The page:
Articles, cartoons and programme listings all provide an insight into the history of broadcasting and the BBC’s first listeners, while adding some context, for a modern audience, to the earliest BBC programme records. The first editions of Radio Times show a nation still enthralled by the technological wonder of the new ‘wireless’ sets.

In each edition for the first few years of publication, cartoons explored the comic possibilities of a public who still didn’t quite understand how radio worked. “Would you kindly remove your hat madam?” asks a man at a ‘wireless village concert’. Yet the performer on stage is a radio set.

As the public wrestled with their new radio antennae, legendary cartoonist W. Heath Robinson illustrated two editions with eccentric designs of aerials.

Other historical snippets include a ‘new experiment’, in 1924, to broadcast a programme from California, to London. The exercise was to be repeated in the opposite direction. “If suitable conditions exist in the atmosphere”, concludes the article, “there is no reason why the experiment should not be successful”.

You can access the digitised 1920s magazines at: http://genome.ch.bbc.co.uk

Click here to read this article at the BBC Media Centre.

Click here to browse the Radio Times archive.

Was Morse Code the smoking gun for this spy with no name?

Many thanks to SWLing Post contributor, Dan Robinson, who shares this story from the BBC News via Matthew M. Aid‘s blog:

[…]It was a cold Saturday morning in April 1988 when a van full of detectives arrived outside the North London home of Erwin van Haarlem. The self-employed art dealer, 44, lived alone in sleepy Friern Barnet, a smattering of brick homes beside the grim North Circular ring road.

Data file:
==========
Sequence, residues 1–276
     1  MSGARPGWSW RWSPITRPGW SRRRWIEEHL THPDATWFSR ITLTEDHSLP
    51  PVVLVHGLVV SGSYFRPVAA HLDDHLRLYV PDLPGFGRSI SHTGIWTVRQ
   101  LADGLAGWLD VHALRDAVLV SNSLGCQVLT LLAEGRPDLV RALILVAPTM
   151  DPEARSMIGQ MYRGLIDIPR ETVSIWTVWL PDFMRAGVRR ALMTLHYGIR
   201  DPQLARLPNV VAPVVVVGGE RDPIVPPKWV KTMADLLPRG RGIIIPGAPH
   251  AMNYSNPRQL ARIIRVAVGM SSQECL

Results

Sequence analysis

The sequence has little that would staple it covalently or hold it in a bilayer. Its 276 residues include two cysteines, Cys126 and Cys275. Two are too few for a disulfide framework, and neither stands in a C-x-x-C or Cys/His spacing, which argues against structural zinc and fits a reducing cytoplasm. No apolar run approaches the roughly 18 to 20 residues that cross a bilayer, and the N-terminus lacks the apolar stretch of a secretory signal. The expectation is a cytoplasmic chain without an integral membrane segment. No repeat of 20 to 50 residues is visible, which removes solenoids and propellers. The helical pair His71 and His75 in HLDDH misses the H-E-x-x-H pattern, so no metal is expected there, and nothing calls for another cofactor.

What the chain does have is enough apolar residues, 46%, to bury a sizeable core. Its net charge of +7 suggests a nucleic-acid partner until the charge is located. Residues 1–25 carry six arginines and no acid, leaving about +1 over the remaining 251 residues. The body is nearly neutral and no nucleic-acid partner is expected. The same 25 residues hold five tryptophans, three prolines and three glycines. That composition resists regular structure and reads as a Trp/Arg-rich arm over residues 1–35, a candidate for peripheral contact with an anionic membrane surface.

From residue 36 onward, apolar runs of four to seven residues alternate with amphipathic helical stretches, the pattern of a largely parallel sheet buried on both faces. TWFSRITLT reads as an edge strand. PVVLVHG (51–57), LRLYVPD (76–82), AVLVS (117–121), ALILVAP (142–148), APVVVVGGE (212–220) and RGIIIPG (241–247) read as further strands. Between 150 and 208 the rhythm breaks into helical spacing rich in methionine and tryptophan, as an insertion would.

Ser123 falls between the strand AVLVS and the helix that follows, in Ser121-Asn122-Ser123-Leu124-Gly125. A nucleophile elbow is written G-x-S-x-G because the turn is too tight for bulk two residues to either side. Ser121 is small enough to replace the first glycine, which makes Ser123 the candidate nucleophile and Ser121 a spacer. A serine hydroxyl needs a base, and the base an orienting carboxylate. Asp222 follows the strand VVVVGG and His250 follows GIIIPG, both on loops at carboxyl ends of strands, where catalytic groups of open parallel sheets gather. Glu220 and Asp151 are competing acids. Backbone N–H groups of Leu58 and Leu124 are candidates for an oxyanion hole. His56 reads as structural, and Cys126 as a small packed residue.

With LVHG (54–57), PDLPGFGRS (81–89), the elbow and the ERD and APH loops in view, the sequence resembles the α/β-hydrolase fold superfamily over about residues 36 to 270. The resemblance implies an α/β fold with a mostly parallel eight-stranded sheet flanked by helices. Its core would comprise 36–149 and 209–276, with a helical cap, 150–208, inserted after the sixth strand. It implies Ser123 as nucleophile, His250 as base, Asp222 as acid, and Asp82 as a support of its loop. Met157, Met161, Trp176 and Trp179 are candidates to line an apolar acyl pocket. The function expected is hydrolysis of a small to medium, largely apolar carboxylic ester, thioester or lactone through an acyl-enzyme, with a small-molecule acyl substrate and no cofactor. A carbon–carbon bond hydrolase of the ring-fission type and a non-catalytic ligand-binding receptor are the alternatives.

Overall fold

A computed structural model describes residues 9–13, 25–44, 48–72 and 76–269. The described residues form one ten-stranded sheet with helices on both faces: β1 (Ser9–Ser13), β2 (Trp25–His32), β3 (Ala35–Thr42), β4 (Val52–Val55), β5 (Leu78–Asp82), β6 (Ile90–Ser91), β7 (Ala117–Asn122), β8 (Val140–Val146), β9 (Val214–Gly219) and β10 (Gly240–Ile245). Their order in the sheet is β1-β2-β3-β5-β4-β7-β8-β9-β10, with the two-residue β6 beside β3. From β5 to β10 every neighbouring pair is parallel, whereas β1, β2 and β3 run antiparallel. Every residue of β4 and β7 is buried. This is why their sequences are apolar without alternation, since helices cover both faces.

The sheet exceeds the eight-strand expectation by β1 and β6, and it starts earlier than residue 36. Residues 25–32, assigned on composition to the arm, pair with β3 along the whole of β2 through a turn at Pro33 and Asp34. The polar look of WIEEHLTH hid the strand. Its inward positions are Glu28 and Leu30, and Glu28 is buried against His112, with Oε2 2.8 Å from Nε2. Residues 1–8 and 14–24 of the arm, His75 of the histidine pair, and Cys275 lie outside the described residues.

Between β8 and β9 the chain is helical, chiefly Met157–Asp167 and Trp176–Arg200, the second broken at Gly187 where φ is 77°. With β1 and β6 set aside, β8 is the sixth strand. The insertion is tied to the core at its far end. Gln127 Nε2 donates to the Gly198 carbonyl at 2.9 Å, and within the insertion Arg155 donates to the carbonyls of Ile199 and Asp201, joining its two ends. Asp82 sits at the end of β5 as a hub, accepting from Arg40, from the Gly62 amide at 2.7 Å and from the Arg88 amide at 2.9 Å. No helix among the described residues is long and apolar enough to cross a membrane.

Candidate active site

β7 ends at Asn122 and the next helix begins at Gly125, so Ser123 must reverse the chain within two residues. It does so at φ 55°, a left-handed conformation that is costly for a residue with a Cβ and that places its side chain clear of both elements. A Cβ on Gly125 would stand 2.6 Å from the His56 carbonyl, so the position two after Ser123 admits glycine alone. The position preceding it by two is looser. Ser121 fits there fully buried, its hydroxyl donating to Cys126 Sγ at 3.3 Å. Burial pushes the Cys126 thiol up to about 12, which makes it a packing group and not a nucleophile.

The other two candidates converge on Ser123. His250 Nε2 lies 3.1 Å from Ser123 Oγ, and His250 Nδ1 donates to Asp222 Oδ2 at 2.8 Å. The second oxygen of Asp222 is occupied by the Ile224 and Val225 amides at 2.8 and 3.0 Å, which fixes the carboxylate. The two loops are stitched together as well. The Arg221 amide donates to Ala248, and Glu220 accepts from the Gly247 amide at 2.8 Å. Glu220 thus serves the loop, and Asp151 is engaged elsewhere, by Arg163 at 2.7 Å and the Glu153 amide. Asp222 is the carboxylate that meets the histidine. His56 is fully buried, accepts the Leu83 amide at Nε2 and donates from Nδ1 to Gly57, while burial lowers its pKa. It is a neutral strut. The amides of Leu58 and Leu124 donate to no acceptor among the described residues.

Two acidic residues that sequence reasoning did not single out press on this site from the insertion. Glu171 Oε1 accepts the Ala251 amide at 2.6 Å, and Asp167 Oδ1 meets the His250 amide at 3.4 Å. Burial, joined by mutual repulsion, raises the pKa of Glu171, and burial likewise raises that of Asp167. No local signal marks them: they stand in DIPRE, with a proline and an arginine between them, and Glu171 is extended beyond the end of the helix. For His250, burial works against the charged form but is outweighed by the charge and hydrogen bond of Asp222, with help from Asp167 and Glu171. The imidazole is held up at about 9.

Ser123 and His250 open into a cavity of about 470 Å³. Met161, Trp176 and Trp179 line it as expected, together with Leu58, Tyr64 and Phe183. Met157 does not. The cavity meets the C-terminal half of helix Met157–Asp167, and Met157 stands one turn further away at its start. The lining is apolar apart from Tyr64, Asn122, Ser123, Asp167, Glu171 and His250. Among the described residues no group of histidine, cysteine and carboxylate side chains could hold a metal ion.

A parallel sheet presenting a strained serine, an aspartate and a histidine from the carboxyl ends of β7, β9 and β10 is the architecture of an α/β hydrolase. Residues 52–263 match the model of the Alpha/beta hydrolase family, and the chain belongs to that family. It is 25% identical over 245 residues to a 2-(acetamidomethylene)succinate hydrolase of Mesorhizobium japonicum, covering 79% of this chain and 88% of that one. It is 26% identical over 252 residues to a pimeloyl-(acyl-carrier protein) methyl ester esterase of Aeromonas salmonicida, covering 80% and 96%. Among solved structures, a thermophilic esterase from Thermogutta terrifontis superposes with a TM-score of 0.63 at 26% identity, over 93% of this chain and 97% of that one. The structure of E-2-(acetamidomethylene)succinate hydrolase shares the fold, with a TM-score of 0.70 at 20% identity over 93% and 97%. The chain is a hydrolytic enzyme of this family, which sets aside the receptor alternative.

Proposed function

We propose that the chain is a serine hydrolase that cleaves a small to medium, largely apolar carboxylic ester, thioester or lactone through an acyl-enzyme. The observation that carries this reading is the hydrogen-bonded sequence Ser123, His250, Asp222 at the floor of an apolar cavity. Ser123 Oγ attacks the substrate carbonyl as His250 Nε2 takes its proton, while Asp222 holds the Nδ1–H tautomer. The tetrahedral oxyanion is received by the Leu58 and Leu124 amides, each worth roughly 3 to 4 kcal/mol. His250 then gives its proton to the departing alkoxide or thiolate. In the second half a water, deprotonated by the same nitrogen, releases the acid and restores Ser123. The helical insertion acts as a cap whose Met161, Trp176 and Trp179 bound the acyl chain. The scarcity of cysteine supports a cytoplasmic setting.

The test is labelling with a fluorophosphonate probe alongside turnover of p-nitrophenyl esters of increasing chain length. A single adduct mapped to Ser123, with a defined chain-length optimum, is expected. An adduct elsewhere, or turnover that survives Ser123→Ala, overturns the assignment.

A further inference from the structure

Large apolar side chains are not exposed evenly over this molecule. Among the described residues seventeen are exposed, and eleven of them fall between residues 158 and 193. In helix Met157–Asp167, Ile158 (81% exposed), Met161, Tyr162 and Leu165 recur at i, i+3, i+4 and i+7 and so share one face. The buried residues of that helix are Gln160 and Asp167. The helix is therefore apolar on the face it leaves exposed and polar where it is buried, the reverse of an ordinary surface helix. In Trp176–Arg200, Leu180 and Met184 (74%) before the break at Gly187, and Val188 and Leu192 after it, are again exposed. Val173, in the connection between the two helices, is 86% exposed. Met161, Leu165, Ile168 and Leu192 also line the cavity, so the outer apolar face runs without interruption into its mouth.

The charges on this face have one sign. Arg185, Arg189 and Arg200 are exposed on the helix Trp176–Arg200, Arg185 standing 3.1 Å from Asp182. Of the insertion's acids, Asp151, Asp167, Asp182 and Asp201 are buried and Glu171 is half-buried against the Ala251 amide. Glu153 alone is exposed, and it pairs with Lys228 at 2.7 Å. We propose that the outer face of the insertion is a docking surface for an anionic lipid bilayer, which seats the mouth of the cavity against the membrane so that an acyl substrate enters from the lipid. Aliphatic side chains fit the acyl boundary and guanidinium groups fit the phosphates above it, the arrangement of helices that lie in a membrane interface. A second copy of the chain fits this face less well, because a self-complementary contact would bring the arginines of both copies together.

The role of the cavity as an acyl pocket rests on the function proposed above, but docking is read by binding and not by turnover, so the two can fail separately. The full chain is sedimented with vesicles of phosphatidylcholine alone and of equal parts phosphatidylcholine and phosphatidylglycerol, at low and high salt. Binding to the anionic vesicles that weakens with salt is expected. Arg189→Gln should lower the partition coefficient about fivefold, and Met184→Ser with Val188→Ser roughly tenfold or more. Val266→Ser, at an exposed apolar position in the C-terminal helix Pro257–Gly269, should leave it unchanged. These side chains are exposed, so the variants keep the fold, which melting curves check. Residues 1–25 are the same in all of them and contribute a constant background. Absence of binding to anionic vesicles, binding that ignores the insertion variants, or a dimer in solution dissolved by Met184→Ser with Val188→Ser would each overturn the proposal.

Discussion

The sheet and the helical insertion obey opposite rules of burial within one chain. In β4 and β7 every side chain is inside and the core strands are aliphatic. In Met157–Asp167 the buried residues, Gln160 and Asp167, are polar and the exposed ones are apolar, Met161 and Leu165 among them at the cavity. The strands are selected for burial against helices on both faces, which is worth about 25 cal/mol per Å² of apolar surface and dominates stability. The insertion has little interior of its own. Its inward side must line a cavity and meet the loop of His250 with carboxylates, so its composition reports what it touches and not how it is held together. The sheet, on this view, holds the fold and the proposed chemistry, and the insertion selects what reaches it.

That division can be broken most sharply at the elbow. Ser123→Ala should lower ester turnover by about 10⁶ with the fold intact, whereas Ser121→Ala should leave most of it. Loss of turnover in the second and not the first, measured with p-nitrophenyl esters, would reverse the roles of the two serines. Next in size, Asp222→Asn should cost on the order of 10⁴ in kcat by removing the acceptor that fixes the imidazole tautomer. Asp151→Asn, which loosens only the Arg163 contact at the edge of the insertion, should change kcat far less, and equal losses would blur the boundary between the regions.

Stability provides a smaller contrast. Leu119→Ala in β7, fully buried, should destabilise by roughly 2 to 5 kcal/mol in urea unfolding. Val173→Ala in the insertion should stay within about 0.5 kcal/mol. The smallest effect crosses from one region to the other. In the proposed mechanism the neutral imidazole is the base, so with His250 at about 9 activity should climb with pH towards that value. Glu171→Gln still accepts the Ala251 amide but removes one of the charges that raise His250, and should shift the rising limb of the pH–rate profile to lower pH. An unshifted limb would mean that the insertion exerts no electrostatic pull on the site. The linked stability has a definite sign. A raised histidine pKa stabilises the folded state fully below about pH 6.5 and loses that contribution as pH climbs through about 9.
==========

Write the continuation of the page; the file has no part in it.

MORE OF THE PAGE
The Dutchman’s apartment building on Silver Birch Close had become the centre of an investigation led by the British intelligence agency MI5. It suspected that Van Haarlem – whom neighbours described as an “oddball” – was not in the art business at all, but a sinister foreign agent.

Inside, Van Haarlem was hunched over a radio in his kitchen. He was still wearing his pyjamas, but his hair was parted neatly to one side. He was tuned in, as he was every morning, to a mysterious “number station”. In his earpiece, a female voice recited numbers in Czech, followed by the blip-bleep of Morse code.

At 09:15 detectives from Special Branch, the anti-terror unit of London’s Metropolitan Police, crashed into his apartment. Van Haarlem tried to lower his radio’s antenna. It jammed. When he pulled open a drawer and grabbed a kitchen knife, an officer tackled him, and yelled: “Enough! It is over! It is over!”

Hidden among his easels and paintings, detectives discovered tiny codebooks concealed in a bar of soap, strange chemicals, and car magazines later found to contain messages written in invisible ink. Investigators suspected Van Haarlem was not really from the Netherlands, but was a spy for the UK’s Cold War adversary, the Soviet Union.

[…]Mrs Saint, 61, who co-ordinated the local Neighbourhood Watch Scheme, said she telephoned the police in November 1987 to report strange noises and a “Morse code” interference which affected her television reception every night at 21:20.[…]